Moving from partisan discontents, we come to a fascinating blog post from Ikeda Nobuo translated by W. David Marx and published at Néojaponisme. Ikeda writes about the use of blogs as an outlet for the discontent that resulted in street demonstrations in the early postwar period: “Young people’s means of lodging a formal objection have therefore shifted from violence in the streets to debate on the internet; and the target of their protest has moved from the government to the media. In most cases, this kind of rebellion is simply young people venting their excess energy, but there is a possibility that youth can create something new if they can skillfully channel that energy.”
I think that Ikeda might be on to something, in that even as politicians debate the merits of grand coalitions, the perils of the divided Diet, and solutions to “National Problems” (given the way publications like Yomiuri talk about it, the capitals are merited), there is real discontent manifesting itself in different, seemingly trivial ways among the Japanese people, especially among members of the younger generation who have watched their parents completely squander their inheritance. It may take some time before their discontent translates into action, but I suspect that the trends in the political use of the Internet maturing in the US will find their way to Japan before too long — and the blogging malcontents may yet make Nagata-cho tremble.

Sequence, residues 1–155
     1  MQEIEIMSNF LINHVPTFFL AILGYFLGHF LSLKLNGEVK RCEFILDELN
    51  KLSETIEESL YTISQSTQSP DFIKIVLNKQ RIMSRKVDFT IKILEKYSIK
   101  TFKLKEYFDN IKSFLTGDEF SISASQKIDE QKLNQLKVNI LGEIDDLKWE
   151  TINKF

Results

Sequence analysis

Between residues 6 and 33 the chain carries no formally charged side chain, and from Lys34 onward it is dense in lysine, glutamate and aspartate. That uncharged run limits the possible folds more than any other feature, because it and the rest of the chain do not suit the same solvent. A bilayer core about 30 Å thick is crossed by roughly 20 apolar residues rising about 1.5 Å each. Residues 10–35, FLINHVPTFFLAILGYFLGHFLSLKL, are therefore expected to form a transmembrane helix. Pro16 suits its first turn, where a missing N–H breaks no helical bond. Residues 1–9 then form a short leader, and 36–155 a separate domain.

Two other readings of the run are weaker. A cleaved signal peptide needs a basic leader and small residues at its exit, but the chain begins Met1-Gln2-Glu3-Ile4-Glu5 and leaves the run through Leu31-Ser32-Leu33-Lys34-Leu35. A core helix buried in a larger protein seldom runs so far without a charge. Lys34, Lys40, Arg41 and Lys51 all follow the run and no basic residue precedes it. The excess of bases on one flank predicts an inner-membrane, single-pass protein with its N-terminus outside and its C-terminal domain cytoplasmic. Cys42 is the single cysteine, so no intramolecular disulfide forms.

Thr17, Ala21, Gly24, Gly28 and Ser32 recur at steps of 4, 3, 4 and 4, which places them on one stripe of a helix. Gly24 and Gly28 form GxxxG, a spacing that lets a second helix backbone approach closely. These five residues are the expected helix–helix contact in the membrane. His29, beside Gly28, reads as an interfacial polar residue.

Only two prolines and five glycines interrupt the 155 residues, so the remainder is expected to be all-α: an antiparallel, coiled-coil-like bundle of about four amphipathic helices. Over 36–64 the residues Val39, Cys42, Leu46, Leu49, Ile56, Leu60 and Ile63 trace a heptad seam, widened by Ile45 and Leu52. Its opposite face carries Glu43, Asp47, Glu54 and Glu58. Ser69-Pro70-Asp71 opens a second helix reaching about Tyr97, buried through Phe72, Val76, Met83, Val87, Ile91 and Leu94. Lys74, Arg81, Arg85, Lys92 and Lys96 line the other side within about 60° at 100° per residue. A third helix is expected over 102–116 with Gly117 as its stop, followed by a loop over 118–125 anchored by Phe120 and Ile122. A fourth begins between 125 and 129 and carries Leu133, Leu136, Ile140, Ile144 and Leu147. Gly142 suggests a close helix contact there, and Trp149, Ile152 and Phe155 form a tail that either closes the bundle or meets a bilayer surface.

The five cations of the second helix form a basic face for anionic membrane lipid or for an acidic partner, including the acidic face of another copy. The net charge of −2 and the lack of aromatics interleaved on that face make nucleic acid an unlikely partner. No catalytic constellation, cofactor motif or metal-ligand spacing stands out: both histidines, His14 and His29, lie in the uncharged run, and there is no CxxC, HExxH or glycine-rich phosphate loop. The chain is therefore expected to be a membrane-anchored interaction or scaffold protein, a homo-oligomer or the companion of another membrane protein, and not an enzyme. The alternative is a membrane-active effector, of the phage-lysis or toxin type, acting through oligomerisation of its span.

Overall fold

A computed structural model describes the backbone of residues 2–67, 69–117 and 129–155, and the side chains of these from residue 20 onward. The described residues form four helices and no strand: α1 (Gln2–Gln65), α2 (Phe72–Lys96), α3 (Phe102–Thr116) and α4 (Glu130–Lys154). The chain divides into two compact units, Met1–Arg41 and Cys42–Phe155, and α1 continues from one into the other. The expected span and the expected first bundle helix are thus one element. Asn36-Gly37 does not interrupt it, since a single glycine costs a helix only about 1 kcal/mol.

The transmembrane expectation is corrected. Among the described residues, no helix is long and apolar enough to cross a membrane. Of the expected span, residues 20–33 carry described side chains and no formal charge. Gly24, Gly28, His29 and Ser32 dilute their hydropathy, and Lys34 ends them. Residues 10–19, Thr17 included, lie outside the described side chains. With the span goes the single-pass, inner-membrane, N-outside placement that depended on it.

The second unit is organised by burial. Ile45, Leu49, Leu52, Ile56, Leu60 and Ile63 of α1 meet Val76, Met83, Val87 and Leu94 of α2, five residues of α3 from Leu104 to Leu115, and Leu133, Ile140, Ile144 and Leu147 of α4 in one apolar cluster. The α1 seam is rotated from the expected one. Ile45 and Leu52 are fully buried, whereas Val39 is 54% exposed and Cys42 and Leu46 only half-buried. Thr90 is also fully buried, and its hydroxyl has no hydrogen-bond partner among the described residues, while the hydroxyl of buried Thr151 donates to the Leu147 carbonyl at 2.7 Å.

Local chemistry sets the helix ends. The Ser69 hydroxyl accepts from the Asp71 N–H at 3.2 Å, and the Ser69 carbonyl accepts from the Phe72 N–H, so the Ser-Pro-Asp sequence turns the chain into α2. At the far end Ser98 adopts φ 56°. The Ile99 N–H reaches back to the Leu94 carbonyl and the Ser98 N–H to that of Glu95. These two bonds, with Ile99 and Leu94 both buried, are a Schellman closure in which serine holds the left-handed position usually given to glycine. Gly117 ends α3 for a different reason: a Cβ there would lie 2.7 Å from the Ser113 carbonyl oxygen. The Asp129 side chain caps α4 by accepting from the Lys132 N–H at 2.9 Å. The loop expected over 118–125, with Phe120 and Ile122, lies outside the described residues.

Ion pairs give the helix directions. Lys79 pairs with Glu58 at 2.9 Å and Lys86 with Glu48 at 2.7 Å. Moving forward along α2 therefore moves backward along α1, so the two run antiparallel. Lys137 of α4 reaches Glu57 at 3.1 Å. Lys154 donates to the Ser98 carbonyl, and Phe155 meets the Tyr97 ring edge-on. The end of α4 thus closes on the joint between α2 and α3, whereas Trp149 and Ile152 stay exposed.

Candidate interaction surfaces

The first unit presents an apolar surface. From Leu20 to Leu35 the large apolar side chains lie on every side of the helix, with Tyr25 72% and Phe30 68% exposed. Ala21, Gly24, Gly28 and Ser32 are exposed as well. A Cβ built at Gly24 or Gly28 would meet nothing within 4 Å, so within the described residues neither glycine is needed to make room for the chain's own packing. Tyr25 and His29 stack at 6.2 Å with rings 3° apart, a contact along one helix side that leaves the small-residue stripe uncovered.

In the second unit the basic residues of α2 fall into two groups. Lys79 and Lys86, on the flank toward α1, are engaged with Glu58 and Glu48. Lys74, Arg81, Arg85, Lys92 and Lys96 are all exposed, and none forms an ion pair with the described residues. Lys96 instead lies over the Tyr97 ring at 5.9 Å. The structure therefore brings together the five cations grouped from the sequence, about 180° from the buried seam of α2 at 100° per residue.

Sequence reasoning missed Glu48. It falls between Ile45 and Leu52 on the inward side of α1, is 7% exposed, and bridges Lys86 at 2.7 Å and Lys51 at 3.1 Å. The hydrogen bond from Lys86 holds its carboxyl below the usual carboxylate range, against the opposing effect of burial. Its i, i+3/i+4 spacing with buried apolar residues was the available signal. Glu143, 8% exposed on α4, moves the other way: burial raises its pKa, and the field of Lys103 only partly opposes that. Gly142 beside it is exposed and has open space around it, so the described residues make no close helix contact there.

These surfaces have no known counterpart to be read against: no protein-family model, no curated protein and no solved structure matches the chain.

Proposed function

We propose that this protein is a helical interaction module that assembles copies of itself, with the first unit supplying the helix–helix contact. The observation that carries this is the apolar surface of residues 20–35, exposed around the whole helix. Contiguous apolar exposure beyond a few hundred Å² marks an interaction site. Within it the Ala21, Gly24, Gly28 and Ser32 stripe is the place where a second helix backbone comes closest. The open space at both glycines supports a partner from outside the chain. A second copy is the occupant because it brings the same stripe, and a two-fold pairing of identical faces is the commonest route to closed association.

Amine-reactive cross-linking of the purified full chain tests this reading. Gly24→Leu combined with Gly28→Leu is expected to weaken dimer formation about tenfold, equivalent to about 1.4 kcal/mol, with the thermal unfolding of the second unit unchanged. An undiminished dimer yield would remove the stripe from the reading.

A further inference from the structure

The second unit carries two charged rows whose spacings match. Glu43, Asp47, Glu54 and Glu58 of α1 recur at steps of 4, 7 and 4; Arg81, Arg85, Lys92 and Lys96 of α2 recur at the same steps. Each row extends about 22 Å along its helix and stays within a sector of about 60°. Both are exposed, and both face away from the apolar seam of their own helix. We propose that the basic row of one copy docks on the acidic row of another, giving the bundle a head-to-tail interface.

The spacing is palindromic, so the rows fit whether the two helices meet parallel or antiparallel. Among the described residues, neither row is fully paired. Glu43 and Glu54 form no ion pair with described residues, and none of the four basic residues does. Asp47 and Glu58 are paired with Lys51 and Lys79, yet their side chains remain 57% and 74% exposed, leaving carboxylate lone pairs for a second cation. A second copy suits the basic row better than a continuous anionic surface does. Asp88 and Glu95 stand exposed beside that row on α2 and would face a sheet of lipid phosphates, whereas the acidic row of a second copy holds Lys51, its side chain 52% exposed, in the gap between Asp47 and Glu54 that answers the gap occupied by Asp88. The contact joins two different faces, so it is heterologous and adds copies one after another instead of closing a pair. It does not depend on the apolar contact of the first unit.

I have long suspected that what Japan needs is not another Meiji Restoration — the much-anticipated third opening, following the restoration and the occupation will not be the product of an electoral manifesto or even the activities of the Diet. The next opening, if it is to truly merit the name, will be at the individual level, as citizens learn to be citizens.